Introduction: How to Make a Table Saw Crosscut Sled

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High everyone! A table saw sled or cross cut sled has got to be one of the most useful tools to use in your shop. It allows for more accurate and safe cuts as well as being able to repeat those cuts with an integrated stop block.


One 4' x 4' sheet of 3/4" Plywood

Hardwood to make the runners. I used oak with a straight grain pattern.

Kreg Mini Track

Table saw with regular blade

Will also need - Freud 8" Stacked Dado Set for All Saws

Rok Hardware #6 x 5/8" Flat Head Phillips Deep Thread Wood Screws

Snug Fastener 100 Qty #8 x 3/4" Flat 304 Stainless Phillips Head Wood Screws

Bench grinder

I used Woodpeckers knob kit but this knob kit from Amazon will work just as well.

Band saw or hack saw

Wood glue


Optional trim router and optional 3/8" round over bit

Carpenters Framing Square

Paste wax

Orbital sander with 120 grit sandpaper

Drill bits and counter sink bits

The above links are affiliate links which means if you purchase anything through the links I will receive a small commission but there is NO extra charge to you. Just a small way to support my woodworking:)

Step 1: Cut Plywood to Size.

For my sled I used 3/4" thick plywood as I wanted enough room in the wood to add the Kreg Mini Track in the base. The base itself measures 36" wide x 24" deep. The fences will comprise of two pieces each at 3.5" tall x 36" wide. These will be laminated together in the next step. A Kreg Mini Track will also be inserted into the back fence in a later step.

Step 2: Assemble the Fences.

Apply a generous amount of Titebond wood glue to the fence pieces and put them together to be clamped. A little trick is to use a level to clamp the pieces together. Any bow in the wood will be cancelled out as the pieces dry clamped to the straight level.

Step 3: Make the Sled Runners.

As the fences were drying I went on to making the runners for the base of the sled. I first dialed in the width of the runners using a scrap piece of plywood. This way if you happen to go to far you are not out a nice piece of hardwood. Once it is dialed in on the width go on to using a nice piece of hardwood. Do make sure that the hardwood you get has grain that runs from one side to the other. You will want this grain running horizontally to the surface of the table saw. This way any expansion will be up and down and NOT side to side. If it expanded sideways it would bind against the slots in the table saw.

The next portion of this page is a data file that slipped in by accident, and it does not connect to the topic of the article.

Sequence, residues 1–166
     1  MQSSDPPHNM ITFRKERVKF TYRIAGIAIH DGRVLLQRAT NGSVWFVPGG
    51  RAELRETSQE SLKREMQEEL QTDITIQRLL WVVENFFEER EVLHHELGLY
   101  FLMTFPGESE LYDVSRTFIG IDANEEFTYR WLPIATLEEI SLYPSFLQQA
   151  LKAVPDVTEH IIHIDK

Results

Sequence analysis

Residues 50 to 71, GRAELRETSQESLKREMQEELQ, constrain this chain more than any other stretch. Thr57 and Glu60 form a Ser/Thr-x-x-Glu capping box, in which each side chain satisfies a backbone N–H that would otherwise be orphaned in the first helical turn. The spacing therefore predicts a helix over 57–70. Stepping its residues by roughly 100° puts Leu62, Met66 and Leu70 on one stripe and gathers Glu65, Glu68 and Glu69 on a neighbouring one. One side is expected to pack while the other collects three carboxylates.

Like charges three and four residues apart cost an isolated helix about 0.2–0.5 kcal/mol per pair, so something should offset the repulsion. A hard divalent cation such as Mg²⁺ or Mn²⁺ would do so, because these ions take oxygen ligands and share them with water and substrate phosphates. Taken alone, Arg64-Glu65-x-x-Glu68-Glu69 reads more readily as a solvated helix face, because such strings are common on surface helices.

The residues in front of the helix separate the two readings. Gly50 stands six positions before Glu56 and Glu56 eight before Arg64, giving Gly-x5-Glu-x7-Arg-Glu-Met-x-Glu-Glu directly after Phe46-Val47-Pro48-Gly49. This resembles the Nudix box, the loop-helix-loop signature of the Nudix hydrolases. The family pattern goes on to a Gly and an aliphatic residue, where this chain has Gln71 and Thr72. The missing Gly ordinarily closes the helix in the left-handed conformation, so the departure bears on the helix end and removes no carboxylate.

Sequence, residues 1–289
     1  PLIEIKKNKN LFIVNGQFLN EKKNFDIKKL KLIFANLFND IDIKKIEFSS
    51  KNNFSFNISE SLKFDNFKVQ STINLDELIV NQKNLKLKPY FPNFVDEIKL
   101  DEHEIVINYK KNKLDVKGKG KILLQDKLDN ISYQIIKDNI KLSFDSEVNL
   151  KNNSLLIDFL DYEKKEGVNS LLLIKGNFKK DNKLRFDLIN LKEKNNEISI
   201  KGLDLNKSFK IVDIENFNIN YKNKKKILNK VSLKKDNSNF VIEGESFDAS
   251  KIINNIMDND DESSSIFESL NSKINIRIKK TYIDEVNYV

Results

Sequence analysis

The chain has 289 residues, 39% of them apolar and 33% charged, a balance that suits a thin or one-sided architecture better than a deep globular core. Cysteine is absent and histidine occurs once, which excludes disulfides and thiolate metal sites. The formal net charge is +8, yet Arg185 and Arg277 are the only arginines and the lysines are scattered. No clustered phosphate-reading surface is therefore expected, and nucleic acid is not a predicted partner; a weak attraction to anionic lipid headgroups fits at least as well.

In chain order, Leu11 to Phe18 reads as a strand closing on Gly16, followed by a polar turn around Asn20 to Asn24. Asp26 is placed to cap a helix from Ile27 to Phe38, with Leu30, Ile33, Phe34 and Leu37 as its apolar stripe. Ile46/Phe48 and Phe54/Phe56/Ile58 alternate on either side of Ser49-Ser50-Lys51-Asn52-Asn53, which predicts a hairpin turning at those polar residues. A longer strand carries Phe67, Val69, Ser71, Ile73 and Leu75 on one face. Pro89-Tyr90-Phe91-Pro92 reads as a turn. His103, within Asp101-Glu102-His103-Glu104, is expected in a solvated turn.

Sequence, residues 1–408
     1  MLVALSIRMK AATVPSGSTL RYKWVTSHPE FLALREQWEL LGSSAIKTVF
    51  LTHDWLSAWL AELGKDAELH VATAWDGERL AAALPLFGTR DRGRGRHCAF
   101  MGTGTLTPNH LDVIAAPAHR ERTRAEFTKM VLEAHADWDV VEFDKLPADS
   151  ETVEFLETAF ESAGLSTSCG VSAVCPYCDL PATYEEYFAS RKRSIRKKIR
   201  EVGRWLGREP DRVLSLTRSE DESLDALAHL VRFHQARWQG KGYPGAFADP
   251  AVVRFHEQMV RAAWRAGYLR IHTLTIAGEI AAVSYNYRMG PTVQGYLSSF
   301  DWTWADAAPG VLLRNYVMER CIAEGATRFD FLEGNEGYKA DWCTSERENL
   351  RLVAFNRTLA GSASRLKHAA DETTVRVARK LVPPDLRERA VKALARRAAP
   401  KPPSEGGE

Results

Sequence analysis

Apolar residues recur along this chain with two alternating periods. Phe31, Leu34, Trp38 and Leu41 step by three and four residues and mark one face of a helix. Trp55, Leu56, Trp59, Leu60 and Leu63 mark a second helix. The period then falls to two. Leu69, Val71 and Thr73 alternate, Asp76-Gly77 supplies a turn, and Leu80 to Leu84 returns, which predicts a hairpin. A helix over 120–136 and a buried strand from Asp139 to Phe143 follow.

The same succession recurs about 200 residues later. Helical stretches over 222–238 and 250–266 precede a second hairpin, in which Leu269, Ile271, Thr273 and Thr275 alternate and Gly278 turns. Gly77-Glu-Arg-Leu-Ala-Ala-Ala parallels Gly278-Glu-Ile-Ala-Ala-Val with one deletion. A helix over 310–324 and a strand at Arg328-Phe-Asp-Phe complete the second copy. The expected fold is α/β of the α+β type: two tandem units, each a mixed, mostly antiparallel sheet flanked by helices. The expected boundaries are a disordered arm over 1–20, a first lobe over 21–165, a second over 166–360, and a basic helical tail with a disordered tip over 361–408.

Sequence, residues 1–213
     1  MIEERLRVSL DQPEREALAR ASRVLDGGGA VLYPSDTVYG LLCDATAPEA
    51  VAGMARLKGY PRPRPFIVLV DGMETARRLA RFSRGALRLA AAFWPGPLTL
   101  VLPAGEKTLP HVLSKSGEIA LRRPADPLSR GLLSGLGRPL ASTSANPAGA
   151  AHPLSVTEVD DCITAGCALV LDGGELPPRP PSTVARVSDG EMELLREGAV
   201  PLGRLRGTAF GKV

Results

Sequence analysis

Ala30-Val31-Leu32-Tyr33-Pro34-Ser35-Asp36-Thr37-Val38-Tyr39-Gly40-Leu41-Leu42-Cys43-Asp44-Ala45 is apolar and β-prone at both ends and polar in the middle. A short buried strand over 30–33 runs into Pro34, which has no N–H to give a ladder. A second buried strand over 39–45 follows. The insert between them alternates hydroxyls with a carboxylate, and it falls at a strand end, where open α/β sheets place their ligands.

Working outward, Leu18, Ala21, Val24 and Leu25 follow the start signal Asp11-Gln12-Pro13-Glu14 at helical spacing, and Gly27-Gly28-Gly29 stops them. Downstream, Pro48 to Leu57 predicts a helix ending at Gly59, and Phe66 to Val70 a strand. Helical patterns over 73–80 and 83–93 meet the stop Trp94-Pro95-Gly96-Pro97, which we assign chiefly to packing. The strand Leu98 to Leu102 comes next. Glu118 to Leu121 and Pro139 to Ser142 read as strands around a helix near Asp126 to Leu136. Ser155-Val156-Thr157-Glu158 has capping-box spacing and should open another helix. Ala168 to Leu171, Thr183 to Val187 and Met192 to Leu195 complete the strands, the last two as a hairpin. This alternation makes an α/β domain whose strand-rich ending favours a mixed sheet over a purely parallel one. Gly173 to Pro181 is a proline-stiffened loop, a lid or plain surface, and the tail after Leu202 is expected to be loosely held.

Make your first cut for the width that was already set by cutting to scrap plywood. Again, make sure the grain is oriented correctly.

Next take note of the depth of your miter slots. Set that distance on your saw minus 1/8". This way the runners will not be touching the bottom of the slots as they're sliding and allow for any expansion. Now go ahead and make that cut on the runners making sure to rotate the runners 90 degrees from the first cut.

For the overall length I cut them to 24" which is the depth of the sled base.

Once done they should slide without much resistance down the miter slots with no side to side movement. And they should be just below the main surface of the table surface.

Step 4: Attach the Runners to the Base.

I started off by placing three stacks of dimes two dimes high per miter slot. Then I placed each runner on top of the dimes with the runners lined up on the back edge of the table saw surface.

At this time it's time to glue the runners to the base of the sled. I had to use regular wood glue as I was out of CA glue. Quick setting CA glue would definitely make this step quicker as you would not have to wait for regular wood glue to dry.

Once the glue has been applied it's time to set the base on top of the runners. Have the fence set at a distance away from the saw blade that you would like. I personally offset where the blade will be cutting a few inches off center. But this is up to you.

Using the fence as a guide press the base up against the fence and lay the base down on the runners. If you used regular wood glue set something heavy on top and wait to dry. Again quick setting CA glue should be ready in about a minute, if that long.

Once the glue has dried flip the base over. Mark out at least five hole locations per runner. Pre-drill and counter sink each hole. The finally drill in some inch long #8 wood screws.

Step 5: Prepare the Fences

For both the front and back fences I ran them through the jointer to give them a nice smooth surface on both the top and bottom.

On the back fence or the one closest to you while in use I inserted a Kreg Mini Track. To prepare for this I first inserted my dado stack into my table saw making sure the width was set just right. In this case the T-Track is 3/4" wide so that's what the dado stack is set to. Then laying the track on top of the table surface set the height for the dado stack to cut. In this case the track is 3/8" tall.

Set the table saw fence to make the cut centered on the back fence and go ahead and make that cut down the length of the back fence.

This is also a good time to cut the T-Track to length. After marking where to cut I used my band saw to make the cut. I was going to go ahead and install the T-Track into the fence but I had purchased the wrong size screws so I installed it later. Ultimately it turns out #6 by 1/2" wood screws are needed but we'll get to that later.